After being located in Baltimore, Maryland since 1986, the NAACP will move its headquarters to Washington, D.C.
According to Afro.com, the nation’s oldest civil rights organization will be housed in the Frank D. Reeves Center of Municipal Affairs (Reeves Center) on the historic U Street Corridor. Beginning in 2025, the Reeves Center which is named in honor of Franklin D. Reeves,an acclaimed attorney who worked with the NAACP as a part of the team that litigated the Brown v. Board of Education case thar desegregated public schools, will be demolished and a new building be erected in place
D.C. Mayor Muriel Bowser confirmed the move in an official announcement on Thursday (June 22).
“As we welcome the NAACP to D.C., we are being intentional about redeveloping this site so that it meets the needs of our residents and moves us toward a more equitable future,” Bowser said.
“This moment marks yet another pivotal step towards preserving the deep, historically Black roots of the U Street corridor,” added NAACP President and CEO Derrick Johnson. “The NAACP is deeply appreciative of the hard work and thoughtful consideration that Mayor Bowser and her team have committed to this project.”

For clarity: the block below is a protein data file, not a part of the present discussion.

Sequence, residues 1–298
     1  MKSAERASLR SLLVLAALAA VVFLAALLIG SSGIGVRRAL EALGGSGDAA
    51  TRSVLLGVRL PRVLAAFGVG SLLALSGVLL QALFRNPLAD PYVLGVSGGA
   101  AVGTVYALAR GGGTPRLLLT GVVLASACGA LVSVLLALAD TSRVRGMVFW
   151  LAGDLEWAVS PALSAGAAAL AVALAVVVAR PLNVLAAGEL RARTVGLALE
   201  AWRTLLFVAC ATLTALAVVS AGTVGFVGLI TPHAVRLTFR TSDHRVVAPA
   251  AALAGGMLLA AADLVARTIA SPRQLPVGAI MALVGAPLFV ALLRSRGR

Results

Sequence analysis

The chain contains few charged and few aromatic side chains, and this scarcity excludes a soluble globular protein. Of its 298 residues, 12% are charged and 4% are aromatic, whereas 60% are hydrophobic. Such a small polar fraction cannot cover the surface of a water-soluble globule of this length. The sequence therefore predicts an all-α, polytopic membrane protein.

“As we continue to echo the calls of Black America in the halls of power, headquartering our offices within our nation’s capital will allow us to further our mission of affecting change on the issues that matter most to our community,” Johnson continued. “We are encouraged by this partnership and are excited to call U Street home.”
In addition to the NAACP’s relocation, the move is a part of the Mayor’s plan to redevelop the Reeves Center site in conjunction with the Office of the Deputy Mayor for Planning and Economic Development (DMPED). The Reeves CMC Venture was awarded one of the largest Equity Request For Proposal (RFPs) awarded by D.C.
“The Reeves Center is symbolic of D.C.’s resilience, and as we make our comeback – this is an opportunity to double down on our commitment to making our prosperity more inclusive and preserving the history and culture of our community,” Bowser said.
No date was given for the NAACP’s official relocation.